You have some strange idea of tyranny if you think it means that you don’t get to force other people to live by the dictates of your religion. If federal judges were requiring Christians to enter same sex marriages, then you’d have a point. But that’s not what is happening; what is happening that — oh, the horror! — federal judges are saying that you don’t get to tell your neighbors how to live. If that’s all you have to complain about, then everyone should be so persecuted.
I was a bit gruff there, let me temper that. I don’t think surrender and running away is a good strategy.
@eric, we hashed this out in the cake thread. My answer/responses are the same. I am sure somebody on the thread will come up with some legal reasoning, strategy whatever in rebuttal to your points–I don’t care. This is about who will rule us–God or man. You choose man, I choose God.
Eric, you will then find no objection to three people or more getting legally married. The silly part is that in the 1960’s and ’70 when homosexuality was coming to the forefront of society, the liberal hue and cry was that marriage served no purpose and was “just a piece of paper”. Legal marriage has never been about ‘two people who love each other’. It has always been about fathers being responsible for their offspring and the protection of women and children. It would still be about those things but for the fact that our society has abandoned all sense… Read more »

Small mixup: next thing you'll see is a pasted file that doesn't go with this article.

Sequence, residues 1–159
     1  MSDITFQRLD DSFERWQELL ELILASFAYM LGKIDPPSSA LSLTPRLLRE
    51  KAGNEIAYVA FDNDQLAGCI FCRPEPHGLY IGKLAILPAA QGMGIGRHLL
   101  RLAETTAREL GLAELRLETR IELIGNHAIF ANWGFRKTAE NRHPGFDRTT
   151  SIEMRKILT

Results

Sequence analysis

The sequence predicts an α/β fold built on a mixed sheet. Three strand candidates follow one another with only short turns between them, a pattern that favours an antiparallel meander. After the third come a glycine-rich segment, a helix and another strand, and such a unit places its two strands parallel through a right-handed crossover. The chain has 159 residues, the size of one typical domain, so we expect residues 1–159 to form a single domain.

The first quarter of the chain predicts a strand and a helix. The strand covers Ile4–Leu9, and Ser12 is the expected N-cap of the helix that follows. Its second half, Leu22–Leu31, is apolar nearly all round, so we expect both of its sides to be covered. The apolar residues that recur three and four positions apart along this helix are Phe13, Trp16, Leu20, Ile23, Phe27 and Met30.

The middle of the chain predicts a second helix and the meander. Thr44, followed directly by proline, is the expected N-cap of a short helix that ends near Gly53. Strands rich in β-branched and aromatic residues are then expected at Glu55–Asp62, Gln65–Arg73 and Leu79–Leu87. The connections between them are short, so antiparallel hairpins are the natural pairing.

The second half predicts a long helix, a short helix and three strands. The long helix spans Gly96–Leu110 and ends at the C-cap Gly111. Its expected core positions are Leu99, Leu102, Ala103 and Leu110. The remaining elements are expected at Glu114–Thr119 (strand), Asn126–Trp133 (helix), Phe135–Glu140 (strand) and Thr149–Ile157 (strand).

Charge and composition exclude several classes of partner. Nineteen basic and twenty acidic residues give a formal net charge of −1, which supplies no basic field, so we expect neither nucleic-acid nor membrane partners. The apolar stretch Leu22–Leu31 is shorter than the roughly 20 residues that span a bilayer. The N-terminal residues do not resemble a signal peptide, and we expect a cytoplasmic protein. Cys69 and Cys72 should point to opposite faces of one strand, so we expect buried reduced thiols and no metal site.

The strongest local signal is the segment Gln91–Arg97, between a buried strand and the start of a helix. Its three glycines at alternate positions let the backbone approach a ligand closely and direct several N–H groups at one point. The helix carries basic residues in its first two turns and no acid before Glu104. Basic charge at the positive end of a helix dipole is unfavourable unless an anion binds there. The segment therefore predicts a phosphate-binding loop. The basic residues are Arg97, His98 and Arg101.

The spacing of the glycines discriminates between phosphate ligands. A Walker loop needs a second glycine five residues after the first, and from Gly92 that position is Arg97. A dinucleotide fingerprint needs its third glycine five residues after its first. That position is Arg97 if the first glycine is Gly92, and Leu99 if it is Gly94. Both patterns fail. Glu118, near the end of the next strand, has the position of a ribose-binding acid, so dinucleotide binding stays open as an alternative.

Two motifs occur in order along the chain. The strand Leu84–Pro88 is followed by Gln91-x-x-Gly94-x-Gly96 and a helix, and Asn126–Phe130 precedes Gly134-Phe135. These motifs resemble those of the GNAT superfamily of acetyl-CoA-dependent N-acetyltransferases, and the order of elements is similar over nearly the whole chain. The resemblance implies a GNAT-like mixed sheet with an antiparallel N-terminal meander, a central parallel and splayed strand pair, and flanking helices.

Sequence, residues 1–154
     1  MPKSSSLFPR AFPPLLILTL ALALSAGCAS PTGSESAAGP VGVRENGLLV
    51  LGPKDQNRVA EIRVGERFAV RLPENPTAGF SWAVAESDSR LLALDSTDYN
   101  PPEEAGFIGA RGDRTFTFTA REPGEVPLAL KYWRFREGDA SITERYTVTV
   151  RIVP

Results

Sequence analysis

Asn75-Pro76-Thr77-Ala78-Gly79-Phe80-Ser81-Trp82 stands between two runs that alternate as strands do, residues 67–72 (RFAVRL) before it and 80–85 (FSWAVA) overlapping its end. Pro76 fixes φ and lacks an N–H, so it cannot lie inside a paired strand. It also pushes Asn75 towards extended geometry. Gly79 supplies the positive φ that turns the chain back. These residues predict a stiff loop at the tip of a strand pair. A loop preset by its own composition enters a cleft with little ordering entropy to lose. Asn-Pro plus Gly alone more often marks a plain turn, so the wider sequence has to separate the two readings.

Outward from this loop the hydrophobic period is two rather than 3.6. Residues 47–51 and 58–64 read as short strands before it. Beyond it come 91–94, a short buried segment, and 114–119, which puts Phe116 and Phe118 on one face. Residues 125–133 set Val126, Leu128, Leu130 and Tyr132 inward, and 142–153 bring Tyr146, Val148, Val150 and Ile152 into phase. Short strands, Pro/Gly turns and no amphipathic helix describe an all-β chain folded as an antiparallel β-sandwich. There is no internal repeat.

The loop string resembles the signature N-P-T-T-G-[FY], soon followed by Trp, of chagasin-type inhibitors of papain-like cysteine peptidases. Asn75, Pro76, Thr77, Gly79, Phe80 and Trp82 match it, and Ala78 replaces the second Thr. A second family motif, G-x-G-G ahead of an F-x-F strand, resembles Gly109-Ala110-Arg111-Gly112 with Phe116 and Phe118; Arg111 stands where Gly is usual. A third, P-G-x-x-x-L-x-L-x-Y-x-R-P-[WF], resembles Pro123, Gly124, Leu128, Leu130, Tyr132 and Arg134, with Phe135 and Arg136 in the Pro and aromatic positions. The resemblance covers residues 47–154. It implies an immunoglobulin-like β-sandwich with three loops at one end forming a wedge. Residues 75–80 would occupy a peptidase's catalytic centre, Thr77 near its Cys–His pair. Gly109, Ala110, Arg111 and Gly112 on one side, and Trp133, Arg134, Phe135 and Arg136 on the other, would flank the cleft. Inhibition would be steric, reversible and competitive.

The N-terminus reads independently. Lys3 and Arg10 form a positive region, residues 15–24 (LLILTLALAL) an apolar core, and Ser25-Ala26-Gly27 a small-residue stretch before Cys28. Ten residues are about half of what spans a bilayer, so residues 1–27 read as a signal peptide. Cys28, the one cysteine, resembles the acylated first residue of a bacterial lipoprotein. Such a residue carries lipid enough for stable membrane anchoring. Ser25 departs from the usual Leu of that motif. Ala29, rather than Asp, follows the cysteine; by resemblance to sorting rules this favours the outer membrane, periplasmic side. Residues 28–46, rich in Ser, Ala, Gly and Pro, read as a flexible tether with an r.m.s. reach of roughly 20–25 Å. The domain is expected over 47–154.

I agree, we have hashed this out before: We can’t be blind about these things. Laws lead to coercion. Look at Hobby Lobby, the adoption service in Mass described above etc etc. Worse still I see the high school kids who struggle with these temptations encouraged to explore them, by whom, their teachers! All of this legitimizing sin has an impact on our children. It has and it will continue to do so, unless we turn away from it, not embrace it.
Melody, well said. Liberal marriage was never about a piece of paper until the Left decided that it needed to be.
Eric, you said; “…federal judges are saying that you don’t get to tell your neighbors how to live.” Of course we shouldn’t tell our neighbors how to live. However, when federal laws change, or are attempting to be changed, and when our taxes may become part of the equation regarding the expansion of government benefits and entitlements, then at least at some level, the citizenry will take notice and seek their representation in the process too. Wouldn’t you say that’s fair and reasonable? All of us participate in the shaping of our society and culture, and I agree it can be messy… Read more »
Melody and Timothy, There is so much to what both of you have said about the underbelly of the homosexual movement. In my lifetime I have seen the 3.8% of our population that is gay carry more and more power because of the women who follow them. Women who are in desperate need of male leadership, love and attention. So many men have stood by while their wives, daughters and sisters look elsewhere for leadership….a familiar story isn’t it? So Timothy when I see you write, “Man-up,” I truly believe that will go farther than most protests we can make.… Read more »
I fully agree, Doug. I have written a concise work on the doctrine of the lesser magistrates. It is gaining a hearing from people across our nation. May the Lord stir the hearts of many!
Dan, the practical problem is that unless you abolish taxation altogether, pretty much everyone is going to end up paying taxes for stuff they don’t approve of. That’s part of living in society. I object to all the money spent on the Iraq War, but I don’t have a conscience opt-out that allows me to not subsidize it. My taxes go into the same large pot that yours do, and Congress then decides how it will be spent, and nobody ever gets everything they want.
And Dan, I don’t think Christians should be excluded from the process. I think you have the same free speech rights as everyone else. I don’t think your views should ultimately be adopted, but that’s a separate question.